JEFFERSON — The Jefferson Common Council took almost no time Tuesday evening to unanimously approve a resolution calling for its permission for Nestle Purina Petcare Inc. to expand its plant on the city’s south side to the tune of $100 million.
According to the resolution that was ratified, Nestle Purina will now be allowed to expand and improve its manufacturing facility at 150 West Riverview Drive.
According to the plant’s manager, Chris Johnson, who gave a 10-minute summation of the company’s plans for growth for the council, the Nestle Purina investment in the project is anticipated to be, at minimum, $100 million and would add at least 75 full-time employees with average starting wages of $25 per hour, or more. It would result in the addition of 25,000 square feet or more of new facility space.
“Obviously, this is a big deal for the City of Jefferson and all of Jefferson County,” Alderman Jim Schroeder, who read the resolution said. “We are grateful and delighted that Nestle is making this investment. A $100 million or more investment and 75 or more jobs at an average wage of $25 an hour or more gives a tremendous boost to our local economy. Kudos to our mayor, city administrator and staff, as well as county economic development staff and the county administrator, for all their hard work to make this deal happen.”
Jefferson Mayor Dale Oppermann was succinct in expressing his feelings about the resolution, telling the council and those gathered at Tuesday’s meeting, “I feel like we should light off some fireworks from the pedestrian bridge.”
On Wednesday, Oppermann told Adams Publishing Group that the city appreciates Nestle’s investment in the local plant. There has been a plant of some sort on the site since 1910 and in 1948 pet food began to be made there, and the pursuit continues to this day.
Oppermann said the $100 million investment in the plant ensures its longterm viability and the expansion will provide, “family supporting jobs for 75 people, many of whom will live in the area.”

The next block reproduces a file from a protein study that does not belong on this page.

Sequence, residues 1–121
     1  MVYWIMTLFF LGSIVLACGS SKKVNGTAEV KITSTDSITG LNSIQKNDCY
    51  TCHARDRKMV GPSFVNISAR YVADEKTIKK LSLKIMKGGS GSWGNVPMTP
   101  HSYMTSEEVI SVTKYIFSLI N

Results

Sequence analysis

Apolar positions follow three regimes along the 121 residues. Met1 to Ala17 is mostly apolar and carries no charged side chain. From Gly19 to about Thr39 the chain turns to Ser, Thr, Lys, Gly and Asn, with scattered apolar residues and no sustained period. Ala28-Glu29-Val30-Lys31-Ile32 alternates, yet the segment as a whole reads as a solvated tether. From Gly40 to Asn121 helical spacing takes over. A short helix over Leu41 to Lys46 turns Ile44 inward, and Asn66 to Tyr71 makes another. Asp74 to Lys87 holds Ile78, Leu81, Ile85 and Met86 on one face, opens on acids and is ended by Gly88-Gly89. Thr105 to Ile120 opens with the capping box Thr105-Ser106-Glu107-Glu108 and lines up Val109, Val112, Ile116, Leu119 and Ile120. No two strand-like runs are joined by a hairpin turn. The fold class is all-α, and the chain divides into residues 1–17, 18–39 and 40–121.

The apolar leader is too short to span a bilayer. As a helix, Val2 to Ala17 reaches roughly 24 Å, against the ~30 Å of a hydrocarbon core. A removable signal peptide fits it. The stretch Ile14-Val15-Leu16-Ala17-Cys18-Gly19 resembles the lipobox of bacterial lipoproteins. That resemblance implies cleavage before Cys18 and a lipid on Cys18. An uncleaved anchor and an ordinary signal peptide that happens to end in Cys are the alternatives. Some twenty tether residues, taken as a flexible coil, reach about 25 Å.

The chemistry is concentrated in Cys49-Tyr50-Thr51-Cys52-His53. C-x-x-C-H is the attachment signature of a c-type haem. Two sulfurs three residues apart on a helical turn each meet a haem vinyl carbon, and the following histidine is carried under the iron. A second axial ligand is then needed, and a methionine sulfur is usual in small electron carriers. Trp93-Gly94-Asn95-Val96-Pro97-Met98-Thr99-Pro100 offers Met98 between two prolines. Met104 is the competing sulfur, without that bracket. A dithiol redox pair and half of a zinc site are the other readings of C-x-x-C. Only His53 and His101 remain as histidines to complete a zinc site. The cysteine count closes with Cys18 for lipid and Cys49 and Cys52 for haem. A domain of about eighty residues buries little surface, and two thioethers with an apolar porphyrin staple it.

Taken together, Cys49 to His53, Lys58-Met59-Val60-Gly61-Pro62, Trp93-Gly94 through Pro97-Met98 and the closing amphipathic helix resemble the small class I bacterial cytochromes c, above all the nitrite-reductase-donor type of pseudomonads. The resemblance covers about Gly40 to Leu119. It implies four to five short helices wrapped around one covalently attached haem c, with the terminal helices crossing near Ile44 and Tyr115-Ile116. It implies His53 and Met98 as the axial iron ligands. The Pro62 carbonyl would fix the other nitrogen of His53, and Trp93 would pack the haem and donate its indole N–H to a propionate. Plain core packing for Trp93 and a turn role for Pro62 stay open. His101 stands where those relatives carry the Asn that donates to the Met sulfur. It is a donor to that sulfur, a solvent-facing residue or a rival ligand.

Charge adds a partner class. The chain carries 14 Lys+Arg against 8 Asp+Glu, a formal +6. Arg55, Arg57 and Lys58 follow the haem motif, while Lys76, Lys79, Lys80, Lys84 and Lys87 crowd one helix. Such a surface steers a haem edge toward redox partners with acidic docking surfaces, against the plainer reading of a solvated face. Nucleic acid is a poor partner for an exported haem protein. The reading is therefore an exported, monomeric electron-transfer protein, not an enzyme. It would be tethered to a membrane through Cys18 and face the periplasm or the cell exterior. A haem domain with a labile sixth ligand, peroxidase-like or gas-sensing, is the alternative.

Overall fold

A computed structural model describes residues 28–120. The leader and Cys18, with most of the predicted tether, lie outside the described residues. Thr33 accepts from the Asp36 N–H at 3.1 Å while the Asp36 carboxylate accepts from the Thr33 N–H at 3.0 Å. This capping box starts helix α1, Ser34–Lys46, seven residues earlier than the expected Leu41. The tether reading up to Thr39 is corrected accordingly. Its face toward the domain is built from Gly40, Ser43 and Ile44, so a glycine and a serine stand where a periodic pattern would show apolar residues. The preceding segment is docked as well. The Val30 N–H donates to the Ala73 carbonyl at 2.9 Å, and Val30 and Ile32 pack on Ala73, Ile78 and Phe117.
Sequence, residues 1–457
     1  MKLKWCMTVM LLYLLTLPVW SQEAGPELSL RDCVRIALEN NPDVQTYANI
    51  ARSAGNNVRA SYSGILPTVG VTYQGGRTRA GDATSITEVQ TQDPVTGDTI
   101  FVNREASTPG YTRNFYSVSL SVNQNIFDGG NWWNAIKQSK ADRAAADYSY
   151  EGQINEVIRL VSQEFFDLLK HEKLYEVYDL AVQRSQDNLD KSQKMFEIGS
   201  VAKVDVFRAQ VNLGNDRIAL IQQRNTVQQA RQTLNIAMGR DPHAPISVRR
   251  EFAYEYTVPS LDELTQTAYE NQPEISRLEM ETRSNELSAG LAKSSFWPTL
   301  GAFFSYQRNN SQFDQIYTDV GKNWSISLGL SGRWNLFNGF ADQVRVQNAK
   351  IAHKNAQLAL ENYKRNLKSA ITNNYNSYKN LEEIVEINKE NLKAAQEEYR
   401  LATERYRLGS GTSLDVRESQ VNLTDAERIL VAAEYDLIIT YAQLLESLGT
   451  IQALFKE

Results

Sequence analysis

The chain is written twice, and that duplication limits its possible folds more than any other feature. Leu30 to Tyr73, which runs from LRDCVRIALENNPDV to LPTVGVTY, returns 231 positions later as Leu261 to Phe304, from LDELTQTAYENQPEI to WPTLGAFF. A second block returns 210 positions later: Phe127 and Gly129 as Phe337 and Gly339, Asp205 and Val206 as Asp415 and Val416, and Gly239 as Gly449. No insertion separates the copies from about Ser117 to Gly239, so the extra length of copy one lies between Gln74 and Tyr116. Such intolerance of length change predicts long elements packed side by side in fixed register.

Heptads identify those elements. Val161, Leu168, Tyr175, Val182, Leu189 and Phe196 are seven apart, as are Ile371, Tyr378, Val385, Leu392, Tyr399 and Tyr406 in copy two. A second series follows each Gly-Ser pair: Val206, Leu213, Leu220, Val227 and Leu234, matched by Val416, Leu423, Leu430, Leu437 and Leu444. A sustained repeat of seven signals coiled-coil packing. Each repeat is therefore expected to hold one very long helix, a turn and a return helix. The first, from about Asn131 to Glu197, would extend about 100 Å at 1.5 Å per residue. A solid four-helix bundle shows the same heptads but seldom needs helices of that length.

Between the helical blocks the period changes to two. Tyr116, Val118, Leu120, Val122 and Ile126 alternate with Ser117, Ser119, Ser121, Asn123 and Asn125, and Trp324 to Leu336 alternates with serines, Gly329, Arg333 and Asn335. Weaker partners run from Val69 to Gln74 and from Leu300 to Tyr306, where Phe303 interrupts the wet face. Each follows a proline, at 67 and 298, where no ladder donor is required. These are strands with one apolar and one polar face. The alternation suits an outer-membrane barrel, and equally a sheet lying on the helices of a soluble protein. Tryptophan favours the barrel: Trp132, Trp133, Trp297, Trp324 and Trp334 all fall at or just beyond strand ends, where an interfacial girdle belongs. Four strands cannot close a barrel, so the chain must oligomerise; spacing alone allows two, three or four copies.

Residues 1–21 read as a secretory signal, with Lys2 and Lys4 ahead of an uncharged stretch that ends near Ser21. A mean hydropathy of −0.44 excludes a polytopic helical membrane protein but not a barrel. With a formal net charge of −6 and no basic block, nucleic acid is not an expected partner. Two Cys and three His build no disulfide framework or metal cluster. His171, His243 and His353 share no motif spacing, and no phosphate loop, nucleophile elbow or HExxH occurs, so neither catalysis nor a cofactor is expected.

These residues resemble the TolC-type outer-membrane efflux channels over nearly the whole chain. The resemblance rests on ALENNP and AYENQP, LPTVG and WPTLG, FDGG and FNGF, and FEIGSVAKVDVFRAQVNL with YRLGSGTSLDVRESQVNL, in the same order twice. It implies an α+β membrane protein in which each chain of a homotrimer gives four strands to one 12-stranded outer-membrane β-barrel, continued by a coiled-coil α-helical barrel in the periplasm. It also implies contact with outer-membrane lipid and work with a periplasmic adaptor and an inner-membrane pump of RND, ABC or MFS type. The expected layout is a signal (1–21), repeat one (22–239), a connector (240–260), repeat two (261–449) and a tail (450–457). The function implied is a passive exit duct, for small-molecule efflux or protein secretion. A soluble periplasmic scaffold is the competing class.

“This expansion is a credit to the company and its current and past workers, because this plant has a very positive reputation for its extreme productivity,” Oppermann said. “We have a great workforce here in the Jefferson County area.”
Oppermann said many people worked on making the expansion happen, specifically Jefferson City Administrator Tim Freitag and Engineer Bill Pinnow, along with other members of the city’s staff. Oppermann called Freitag, “the point man on this.”
“There were obstacles to overcome and I’m proud of the collaboration between the city and Nestle,” Oppermann said, adding he also appreciated the work put in on the effort by Johnson of Nestle’s. “I can’t say enough about Chris’s work on this.”
According to the resolution, the expansion of the existing facility, and investment in new equipment is anticipated to increase the company’s manufacturing capacity and accommodate new production lines, which could increase output volume by 30% or more.
“The city desires to encourage economic development and is open to grant certain financial incentives to do so,” the proposed resolution states. “The city and company have agreed to the scope, and type of improvements, and obligations needed and required for the project.”
City officials said they believe that the project, and its approval and construction, will stimulate economic activity and provide economic benefits to the city.
The council was asked via the resolution to approve and authorize a developer’s agreement between the city and Nestle Purina Pet Care regarding the expansion and improvement project, including several city obligations. These include that the city will take necessary steps for the creation of an industrial tax incremental financing district that will overlay on the company’s existing facility.
According to city officials, the city will provide a cash TIF payment to the company on an annual basis from property taxes generated by the project as reimbursement to Nestle for “project costs” that will be incurred by the company.
The resolution stated that the maximum required TIF payment will not exceed $2 million during the 20-year life of the TIF district.
The city will also collaborate with Nestle so the company is able to comply with the city’s setback requirement for the project, including the partial relocation of Main Street right-of-way which borders the property. There may also be a relocation of sidewalk within the right-of-way at the city’s expense.